What You Need to Know About Facial Trauma Treatment
Several situations can lead to facial and head trauma. A few common examples are car accidents, sports injuries, and falls. There are several types of injuries that can lead to facial trauma, including
- Damage to the bones of the head and face – Fractures are most common in the nose and mandible, but you can suffer a fracture to any bone of your face or head. Soft tissue injuries are also possible. In order to get a proper diagnosis, CT scanning is required since it detects fractures of the face bones more consistently than standard X-rays and also identifies soft tissue injuries.
- Damage to the facial nerve or the trigeminal nerve may develop because of face and head trauma.
- Damage to the eye because of direct contact
- A proportion of patients who experience facial trauma also suffer from brain damage, and some of these patients have co-existing cervical spine injury, which should be taken into consideration.
Surgeons are responsible for the initial treatment of substantial face trauma: they will wire or plate the shattered bone, stitch any lacerations to the skin or soft tissue, and graft any soft tissue that suffered severe damage.
As a result, the majority of the physiotherapy rehabilitation for these patients is post-operative rehabilitation.
Injuries & Treatments
Injury to the Soft Tissue
Seeing a doctor as soon as possible after suffering a face injury is recommended. Some face fractures may be life threatening, so seek medical attention immediately. The actions of others may inflict permanent damage to your respiratory system, airway passageways, central nervous system, or eyesight that cannot be restored.
Injury to the Bone
When a bony injury occurs, surgical treatment is often necessary. This may include the use of wires or plating, as well as more extensive surgical methods to restore the injured bone, such as bone grafting.
Phase of Proliferation
The body continues to mend after the surgical repair processes have been finished, resulting in the formation of scar tissues. Approximately 2-3 weeks pass between the formation of scar tissue and the formation of collagen; during this period, there is a slowdown of scar tissue growth that lasts for the next 4-6 months. Collagen is the primary component of scar tissue, and it is laid down during this phase.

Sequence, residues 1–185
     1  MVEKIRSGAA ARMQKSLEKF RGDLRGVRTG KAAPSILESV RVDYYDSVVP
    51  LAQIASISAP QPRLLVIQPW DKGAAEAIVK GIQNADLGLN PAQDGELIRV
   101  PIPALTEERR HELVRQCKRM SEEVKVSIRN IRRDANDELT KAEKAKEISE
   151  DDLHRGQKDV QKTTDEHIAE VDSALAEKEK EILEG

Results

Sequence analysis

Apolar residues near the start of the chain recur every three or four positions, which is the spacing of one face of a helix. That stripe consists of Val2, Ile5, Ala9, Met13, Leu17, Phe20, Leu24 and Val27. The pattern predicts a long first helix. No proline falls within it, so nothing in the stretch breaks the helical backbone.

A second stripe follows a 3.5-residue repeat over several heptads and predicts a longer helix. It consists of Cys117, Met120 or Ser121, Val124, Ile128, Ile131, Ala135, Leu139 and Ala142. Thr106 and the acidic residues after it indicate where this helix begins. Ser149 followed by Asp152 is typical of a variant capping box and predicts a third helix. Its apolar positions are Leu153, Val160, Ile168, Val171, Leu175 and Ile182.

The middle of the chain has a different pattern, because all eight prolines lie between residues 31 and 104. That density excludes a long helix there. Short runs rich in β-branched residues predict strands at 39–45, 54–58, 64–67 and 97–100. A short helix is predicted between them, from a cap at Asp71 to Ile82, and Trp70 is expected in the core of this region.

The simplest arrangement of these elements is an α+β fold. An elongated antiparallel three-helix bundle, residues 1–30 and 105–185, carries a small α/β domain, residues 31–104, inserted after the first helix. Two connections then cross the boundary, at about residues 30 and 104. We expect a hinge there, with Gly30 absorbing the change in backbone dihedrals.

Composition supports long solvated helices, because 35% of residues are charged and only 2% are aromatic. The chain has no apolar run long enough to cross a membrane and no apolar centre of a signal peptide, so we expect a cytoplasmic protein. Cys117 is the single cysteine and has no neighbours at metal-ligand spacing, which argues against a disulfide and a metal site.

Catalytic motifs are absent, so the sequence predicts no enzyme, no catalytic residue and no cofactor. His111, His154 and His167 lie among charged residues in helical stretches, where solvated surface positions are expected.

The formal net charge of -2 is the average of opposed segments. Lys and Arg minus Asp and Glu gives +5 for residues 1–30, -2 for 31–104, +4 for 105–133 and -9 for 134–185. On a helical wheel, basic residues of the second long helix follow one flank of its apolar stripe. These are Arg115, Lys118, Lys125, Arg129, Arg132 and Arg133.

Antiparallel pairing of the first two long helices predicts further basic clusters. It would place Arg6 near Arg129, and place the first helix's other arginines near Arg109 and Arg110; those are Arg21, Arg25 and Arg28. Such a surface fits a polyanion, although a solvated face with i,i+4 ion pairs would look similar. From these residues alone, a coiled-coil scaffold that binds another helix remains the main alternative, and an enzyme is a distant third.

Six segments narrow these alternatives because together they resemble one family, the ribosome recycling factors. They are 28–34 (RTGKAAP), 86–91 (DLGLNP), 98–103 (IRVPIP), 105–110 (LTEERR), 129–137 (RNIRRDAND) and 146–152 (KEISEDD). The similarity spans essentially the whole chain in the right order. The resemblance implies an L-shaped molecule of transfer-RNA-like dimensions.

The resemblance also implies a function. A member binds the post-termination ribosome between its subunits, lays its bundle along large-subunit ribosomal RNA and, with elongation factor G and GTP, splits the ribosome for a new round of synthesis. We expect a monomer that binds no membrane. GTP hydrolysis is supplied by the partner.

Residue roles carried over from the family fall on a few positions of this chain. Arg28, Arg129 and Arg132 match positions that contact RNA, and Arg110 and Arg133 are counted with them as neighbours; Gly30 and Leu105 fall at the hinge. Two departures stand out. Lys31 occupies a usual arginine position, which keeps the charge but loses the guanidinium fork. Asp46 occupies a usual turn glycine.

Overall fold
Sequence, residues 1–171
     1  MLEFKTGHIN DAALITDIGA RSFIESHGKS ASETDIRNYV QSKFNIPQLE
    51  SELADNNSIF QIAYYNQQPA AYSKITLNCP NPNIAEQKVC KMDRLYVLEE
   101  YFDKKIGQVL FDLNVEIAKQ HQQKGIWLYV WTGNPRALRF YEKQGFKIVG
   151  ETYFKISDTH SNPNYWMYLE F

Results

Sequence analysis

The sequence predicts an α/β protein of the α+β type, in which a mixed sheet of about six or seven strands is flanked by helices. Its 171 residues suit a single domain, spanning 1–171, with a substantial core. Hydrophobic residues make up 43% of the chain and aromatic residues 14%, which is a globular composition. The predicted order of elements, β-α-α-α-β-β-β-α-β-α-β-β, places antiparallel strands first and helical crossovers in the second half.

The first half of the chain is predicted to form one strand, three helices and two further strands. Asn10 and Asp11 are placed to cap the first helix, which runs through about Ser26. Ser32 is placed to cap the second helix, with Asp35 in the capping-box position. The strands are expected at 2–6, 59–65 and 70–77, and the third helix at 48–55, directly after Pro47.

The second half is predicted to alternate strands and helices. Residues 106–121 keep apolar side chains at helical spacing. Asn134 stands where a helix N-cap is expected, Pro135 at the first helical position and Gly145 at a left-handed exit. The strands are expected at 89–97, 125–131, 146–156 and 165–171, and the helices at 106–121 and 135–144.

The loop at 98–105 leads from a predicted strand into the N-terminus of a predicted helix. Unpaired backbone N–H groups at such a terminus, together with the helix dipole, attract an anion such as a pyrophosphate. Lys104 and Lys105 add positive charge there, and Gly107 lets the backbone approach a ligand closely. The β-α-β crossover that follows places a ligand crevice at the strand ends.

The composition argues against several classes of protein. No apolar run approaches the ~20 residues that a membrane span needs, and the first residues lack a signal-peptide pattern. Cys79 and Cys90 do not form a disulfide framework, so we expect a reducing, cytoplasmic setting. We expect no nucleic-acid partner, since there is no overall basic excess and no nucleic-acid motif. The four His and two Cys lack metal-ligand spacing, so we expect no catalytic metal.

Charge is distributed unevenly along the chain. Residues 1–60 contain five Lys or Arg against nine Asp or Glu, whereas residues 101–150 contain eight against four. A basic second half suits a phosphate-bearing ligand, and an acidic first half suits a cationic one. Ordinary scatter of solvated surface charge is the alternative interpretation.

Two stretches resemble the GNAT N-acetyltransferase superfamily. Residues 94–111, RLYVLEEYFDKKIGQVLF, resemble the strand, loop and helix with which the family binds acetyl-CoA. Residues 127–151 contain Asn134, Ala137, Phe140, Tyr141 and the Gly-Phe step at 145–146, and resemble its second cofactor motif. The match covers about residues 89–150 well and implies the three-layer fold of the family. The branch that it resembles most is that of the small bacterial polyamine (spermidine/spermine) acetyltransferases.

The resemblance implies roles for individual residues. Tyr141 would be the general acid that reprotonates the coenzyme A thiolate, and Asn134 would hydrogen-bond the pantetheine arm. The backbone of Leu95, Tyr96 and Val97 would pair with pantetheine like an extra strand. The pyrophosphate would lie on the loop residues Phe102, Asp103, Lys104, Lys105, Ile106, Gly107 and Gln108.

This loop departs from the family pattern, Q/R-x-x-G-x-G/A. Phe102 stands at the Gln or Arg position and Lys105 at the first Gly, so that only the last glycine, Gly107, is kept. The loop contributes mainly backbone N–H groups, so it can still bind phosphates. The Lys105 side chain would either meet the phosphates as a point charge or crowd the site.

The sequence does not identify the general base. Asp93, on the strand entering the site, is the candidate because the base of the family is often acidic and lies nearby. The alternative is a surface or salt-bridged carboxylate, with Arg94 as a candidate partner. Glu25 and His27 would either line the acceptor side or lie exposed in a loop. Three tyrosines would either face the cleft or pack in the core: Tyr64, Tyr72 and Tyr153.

Thereafter, there comes the remodeling (also known as maturation) phase, during which the scar tissue continues to rebuild and remodel, becoming more organized and functional, and becoming more comparable to the tissue it is attempting to restore. This procedure might take up to a year to complete.
When the surgeons give the go-ahead, the rehabilitation process should begin immediately.
Manual treatments applied to the soft tissues are widely used with the goal of returning the flexibility of the soft tissues to the patient. Given the nature of scar tissue, it has a propensity to lose both elasticity and length throughout the healing process, which may result in a restricted range of motion.
Once the length of the tissue has been determined, the patient should be urged to move the afflicted part of the face actively via the newly achieved range of motion. These exercises are referred to as Active Exercises.
Overall, in some cases surgery is the most appropriate approach to help you heal efficiently after experiencing facial trauma. In these events, an expert oral surgeon should always be consulted.
Being in practice for a couple of years now, we provide the most convenient dental and facial services. If you have any questions or concerns about facial trauma treatment, set an appointment with Dr. Davis, DMD at Oral & Facial Surgery Institute today or call us at (435) 628-1100.
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